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This eBook from the Gutenberg Project consists of approximately 127 pages of information about California.
where promising traces of gold were readily detected; further examination convinced us that the precious metal existed here in far greater quantises than in the locality where we had been at work for several weeks previous; and we were, moreover, satisfied that it was to be obtained with much less difficulty, as, being found in solid lumps, the unpleasant labour of washing was dispensed with.  We therefore determined, on the following morning, to remove all our implements to this spot, the only disadvantage of which was its being situated rather far off from our place of encampment.

Since our friends, the Indians, had quitted us, we had always left some one or other on guard at the shanty, to keep watch over our horses and baggage, both during the day time and at night; for we knew that some of them were continually prowling about, our horses having frequently shown signs of uneasiness in the night time.  During the day there was generally one member of the party who remained at the shanty, having either Jose or the lad Horry in company.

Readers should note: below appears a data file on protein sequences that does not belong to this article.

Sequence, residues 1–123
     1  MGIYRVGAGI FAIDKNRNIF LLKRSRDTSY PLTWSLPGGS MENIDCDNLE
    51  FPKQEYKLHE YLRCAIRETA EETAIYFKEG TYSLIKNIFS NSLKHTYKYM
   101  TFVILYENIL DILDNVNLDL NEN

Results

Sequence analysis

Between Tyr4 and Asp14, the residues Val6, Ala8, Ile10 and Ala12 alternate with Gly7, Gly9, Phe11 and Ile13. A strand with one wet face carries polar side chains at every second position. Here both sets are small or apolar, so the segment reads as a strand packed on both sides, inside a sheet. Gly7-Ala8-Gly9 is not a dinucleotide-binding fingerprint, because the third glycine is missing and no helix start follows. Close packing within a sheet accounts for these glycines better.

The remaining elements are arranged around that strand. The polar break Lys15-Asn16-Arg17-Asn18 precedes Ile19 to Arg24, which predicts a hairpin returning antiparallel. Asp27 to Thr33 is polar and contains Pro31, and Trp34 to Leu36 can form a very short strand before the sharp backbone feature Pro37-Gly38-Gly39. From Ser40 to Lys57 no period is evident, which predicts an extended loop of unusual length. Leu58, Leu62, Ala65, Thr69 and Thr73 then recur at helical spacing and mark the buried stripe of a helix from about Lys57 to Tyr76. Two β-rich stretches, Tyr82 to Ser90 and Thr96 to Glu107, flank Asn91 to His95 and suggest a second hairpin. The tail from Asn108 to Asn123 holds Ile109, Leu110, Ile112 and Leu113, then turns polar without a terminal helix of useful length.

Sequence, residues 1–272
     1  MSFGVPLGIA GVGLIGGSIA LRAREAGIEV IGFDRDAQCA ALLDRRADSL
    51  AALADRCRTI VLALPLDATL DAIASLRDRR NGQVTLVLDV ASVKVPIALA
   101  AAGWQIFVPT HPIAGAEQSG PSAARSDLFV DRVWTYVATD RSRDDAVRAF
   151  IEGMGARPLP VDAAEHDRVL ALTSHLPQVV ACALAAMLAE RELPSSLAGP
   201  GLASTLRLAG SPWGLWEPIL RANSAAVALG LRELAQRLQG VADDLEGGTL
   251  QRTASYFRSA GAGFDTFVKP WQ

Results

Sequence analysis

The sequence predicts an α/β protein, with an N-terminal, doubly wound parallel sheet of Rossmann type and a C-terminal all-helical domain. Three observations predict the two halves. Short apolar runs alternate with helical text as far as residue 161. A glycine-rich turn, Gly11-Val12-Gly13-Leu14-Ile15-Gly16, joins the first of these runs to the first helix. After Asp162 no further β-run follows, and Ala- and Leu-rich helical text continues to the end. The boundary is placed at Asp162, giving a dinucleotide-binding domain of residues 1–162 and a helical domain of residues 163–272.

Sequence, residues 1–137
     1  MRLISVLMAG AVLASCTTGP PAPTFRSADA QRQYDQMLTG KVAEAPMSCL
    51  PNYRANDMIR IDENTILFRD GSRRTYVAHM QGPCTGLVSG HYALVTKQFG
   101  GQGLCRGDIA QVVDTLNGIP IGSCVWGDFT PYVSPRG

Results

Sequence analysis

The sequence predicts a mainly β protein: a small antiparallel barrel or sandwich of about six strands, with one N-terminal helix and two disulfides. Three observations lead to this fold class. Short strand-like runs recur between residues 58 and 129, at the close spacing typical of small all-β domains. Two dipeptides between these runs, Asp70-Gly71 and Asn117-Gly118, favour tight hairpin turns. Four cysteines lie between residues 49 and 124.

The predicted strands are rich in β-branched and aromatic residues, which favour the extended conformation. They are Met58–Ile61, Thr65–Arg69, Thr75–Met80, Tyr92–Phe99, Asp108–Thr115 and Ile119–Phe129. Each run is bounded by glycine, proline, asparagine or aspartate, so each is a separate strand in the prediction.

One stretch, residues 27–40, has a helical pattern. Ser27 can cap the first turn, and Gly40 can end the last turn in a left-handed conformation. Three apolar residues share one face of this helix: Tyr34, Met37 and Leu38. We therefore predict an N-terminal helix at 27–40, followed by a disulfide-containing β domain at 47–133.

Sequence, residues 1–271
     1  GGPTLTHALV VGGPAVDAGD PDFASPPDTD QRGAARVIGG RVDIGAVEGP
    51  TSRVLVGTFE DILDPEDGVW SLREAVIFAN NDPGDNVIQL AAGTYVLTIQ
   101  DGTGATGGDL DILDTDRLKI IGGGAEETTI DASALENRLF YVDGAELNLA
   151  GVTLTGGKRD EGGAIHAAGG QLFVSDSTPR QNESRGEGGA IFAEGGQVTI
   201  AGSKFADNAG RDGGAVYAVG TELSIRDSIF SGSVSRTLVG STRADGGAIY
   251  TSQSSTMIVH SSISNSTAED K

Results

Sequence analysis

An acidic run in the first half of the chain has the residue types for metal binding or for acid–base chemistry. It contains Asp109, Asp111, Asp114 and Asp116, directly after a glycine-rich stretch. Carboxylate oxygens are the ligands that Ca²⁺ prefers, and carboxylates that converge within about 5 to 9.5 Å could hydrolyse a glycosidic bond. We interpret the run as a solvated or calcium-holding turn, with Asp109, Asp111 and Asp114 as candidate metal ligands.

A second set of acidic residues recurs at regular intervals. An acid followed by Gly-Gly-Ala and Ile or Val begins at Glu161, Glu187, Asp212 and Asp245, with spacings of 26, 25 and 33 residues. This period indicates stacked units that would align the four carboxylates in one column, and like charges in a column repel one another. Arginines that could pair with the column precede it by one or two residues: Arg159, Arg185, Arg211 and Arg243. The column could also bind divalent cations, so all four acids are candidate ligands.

The ravine we proposed moving to was nearly half-a-mile distant.  After breakfast, Bradley, Lacosse, and McPhail, accompanied by the old trapper, set off on a hunting expedition, for our stock of provisions was now getting very low, leaving Jose and our legal friend at the camp.  The remainder of the party, including myself, proceeded to the ravine with our implements, and after working a few hours we succeeded in procuring more gold than we had obtained in any two days during the past week.  We were just on the point of returning to the camp to dinner when Dowling, who was standing near some sage bushes at the upper part of the ravine, heard a rustling among them, and on moving in the direction of the noise saw an Indian stealthily creeping along, who, as soon as he perceived he was discovered, discharged an arrow, which just missed its mark, but lacerated, and that rather severely, Dowling’s ear.  The savage immediately set up a most terrific whoop, and ran off, but stumbled before he could draw another arrow from his quiver, while Dowling, rushing forward, buried his mattock in the head of his fallen foe, killing him instantaneously.

At this moment we hoard the crack of a rifle in the direction of the camp, which, with the Indian’s whoop at the same moment, completely bewildered us.  Every man, however, seized his rifle, and Dowling, hastening towards us, told us what had just occurred.  All was still for the next few moments, and I mounted a little hill to reconnoitre.  Suddenly I saw a troop of Indians, the foremost of them on horseback, approaching at full speed.  I hastily returned to my companions, and we sought shelter in a little dell, determined to await there, and resist the attack, for it was evident that the savages’ intentions were anything but pacific.

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